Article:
- The Washington Times - Tuesday, July 6, 2004

The increasing cost of building the underground Capitol Visitor Center has project officials considering asking Congress for more money.

“There could be increases next year,” said Tom Fontana, the center’s project communications officer for the Architect of the Capitol. “We might need to go back to Congress. But if we keep things tight, we can keep within budget.”

The cost of building the three-level center, which will be underneath the Capitol’s East Plaza, has grown by about $86 million since Congress increased security measures as a result of September 11, Mr. Fontana said.

Officials said the base budget of the project, which included only the core visitor center, was estimated at $265 million in 2001. The center originally was scheduled to be completed by December 2005.

Now, the cost of the 410,000-square-foot visitor center is estimated at $351 million, and the center’s completion date has been pushed back to spring 2006.

“The Capitol is unlike any other building,” Mr. Fontana said. “The security concerns, the needs of Congress — here, you’ve got a lot of bosses.”

Congress awarded the project $38.5 million for increased security measures immediately after the attacks in 2001 and provided $48 million in 2003 to cover any changes or additional management costs and to help offset losses incurred because of wet weather and unforeseen site conditions.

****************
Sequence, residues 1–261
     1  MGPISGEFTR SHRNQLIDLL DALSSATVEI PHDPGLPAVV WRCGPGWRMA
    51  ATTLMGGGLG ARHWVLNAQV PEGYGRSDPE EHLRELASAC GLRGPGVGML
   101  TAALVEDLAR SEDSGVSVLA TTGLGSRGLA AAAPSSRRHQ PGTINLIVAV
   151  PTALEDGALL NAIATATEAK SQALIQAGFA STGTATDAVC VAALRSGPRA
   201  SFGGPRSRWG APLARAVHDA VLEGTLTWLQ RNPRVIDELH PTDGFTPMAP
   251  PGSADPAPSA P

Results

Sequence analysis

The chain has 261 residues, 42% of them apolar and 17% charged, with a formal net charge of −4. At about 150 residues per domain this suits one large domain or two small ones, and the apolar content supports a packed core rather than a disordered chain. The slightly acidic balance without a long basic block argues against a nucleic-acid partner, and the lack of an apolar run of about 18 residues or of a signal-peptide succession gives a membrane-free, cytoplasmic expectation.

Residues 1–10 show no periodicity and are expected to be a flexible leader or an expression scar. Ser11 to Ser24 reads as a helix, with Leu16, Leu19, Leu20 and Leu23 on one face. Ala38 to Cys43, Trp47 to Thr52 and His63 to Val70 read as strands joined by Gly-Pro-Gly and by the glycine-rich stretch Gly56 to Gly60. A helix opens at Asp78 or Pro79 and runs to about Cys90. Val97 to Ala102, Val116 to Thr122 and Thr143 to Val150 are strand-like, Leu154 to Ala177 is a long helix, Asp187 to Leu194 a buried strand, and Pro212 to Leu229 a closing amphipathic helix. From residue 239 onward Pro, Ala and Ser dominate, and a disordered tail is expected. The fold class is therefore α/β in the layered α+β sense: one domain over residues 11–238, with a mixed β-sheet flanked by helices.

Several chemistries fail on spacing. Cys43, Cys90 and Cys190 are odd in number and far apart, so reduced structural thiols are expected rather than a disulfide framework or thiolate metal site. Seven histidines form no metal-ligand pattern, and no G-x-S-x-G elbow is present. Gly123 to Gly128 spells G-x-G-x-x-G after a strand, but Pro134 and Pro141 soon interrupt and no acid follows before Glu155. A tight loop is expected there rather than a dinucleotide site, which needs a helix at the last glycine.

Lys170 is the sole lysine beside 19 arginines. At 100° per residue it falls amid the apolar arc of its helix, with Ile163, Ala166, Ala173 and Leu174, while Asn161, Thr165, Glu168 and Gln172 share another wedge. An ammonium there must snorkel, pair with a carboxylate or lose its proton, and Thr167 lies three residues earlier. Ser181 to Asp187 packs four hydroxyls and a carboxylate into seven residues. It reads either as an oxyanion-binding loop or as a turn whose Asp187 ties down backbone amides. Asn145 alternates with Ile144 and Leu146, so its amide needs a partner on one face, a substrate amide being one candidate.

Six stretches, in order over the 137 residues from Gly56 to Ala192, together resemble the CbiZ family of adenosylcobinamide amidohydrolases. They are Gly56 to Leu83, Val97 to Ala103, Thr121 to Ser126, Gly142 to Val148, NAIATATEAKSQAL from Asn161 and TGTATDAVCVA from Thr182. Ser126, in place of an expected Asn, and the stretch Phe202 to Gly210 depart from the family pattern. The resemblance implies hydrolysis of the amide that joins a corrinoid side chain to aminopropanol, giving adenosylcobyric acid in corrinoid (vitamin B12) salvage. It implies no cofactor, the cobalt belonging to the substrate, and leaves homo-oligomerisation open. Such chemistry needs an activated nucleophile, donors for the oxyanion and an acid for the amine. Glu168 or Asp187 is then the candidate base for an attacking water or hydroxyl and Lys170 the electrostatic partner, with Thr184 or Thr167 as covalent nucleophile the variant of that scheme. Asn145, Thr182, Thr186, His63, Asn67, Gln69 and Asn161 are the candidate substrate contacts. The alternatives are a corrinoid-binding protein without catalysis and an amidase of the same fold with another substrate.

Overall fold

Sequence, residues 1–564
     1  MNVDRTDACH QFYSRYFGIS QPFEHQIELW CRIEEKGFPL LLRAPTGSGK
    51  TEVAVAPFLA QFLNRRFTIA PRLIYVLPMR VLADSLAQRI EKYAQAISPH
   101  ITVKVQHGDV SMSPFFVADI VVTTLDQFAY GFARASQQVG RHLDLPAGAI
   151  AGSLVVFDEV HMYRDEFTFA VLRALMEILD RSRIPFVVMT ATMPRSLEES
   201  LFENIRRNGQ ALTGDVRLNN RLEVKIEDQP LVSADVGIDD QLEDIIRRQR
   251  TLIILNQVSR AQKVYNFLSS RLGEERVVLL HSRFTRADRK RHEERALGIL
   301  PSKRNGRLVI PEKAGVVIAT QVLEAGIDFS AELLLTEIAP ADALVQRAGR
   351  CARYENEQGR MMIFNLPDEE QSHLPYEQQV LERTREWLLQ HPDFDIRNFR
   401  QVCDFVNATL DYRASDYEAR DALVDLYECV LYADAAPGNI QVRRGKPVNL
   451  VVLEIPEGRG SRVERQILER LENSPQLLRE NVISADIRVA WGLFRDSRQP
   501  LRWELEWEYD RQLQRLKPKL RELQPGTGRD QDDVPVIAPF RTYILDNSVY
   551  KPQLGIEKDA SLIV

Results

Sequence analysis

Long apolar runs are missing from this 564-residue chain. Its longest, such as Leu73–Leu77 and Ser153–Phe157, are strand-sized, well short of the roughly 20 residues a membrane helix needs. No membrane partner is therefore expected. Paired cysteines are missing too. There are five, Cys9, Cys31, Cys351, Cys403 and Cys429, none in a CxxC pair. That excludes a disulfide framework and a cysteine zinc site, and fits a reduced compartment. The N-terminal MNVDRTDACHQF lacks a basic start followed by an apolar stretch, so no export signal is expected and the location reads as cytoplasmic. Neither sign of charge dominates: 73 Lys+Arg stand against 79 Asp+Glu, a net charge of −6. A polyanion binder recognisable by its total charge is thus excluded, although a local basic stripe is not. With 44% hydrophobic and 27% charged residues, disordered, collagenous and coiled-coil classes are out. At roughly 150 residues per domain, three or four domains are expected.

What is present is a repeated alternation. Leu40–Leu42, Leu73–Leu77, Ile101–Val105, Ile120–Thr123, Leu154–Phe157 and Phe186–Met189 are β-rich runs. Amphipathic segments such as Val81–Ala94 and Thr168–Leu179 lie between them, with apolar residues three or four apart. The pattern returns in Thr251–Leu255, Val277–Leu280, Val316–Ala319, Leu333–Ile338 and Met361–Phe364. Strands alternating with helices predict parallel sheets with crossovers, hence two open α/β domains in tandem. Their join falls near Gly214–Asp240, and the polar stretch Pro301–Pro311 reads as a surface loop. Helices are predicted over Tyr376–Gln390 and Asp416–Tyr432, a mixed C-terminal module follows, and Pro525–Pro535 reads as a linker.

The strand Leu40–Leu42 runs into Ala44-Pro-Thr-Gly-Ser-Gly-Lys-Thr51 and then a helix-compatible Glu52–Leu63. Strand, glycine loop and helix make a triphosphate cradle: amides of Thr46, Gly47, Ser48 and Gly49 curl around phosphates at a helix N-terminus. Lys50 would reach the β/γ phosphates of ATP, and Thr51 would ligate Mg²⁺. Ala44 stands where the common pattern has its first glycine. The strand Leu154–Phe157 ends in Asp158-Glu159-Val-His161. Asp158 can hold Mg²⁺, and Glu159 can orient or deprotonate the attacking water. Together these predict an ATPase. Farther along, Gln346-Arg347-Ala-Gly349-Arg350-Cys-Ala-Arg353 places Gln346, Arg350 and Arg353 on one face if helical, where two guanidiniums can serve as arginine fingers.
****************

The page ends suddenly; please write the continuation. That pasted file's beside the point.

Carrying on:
However, the $351 million does not include the accompanying 170,000-square-foot conference space Congress will use for meetings. Congress appropriated $70 million for the space in November 2001.

The center’s project office also is managing the build-out and finishes of that space. “They’re separate projects,” Mr. Fontana said.

The center will be the hub for the estimated 3 million visitors to the Capitol each year.

Two 250-seat theaters will show a 12-minute introductory film, and two 25-passenger elevators will transport visitors from the center into the Capitol.

Also planned are a 16,500-square-foot exhibition gallery, a food court that will accommodate up to 600 people, and 26 restrooms, according to the center project’s Web site (www.aoc.gov/cvc/cvc_overview.htm).

A 1,000-linear-foot, two-lane truck tunnel will connect to eight loading dock bays at the service level on the north side of the project area.

The Great Hall will include information and ticketing desks and offer a viewing area of the Capitol Dome through skylights.

“It’s long overdue,” Mr. Fontana said. “This is the first look at our country that many people get, and they deserve a first-rate experience.”

Project officials said delays and cost increases could have been worse.

They feared drilling into the grounds of the Capitol would uncover archaeological and historical artifacts, delaying construction and increasing the total budget.

“We’ve been really lucky so far, and have had next to no archaeological or historical obstacles,” Mr. Fontana said.

The longest delay came in spring 2003 when crews uncovered an old well. That discovery set back construction for almost two months, Mr. Fontana said.

Officials said the delays will not prevent crews from completing the center’s roof in time for Inauguration Day in January. Mr. Fontana said the structure will be able to hold a presidential motorcade, the Marine One helicopter and other vehicles.

Visitors said they look forward to the new center.

“To really know what you’re looking at — that’s how you best get it out to the public,” said Tracy Avina, 42, of Temecula, Calif.

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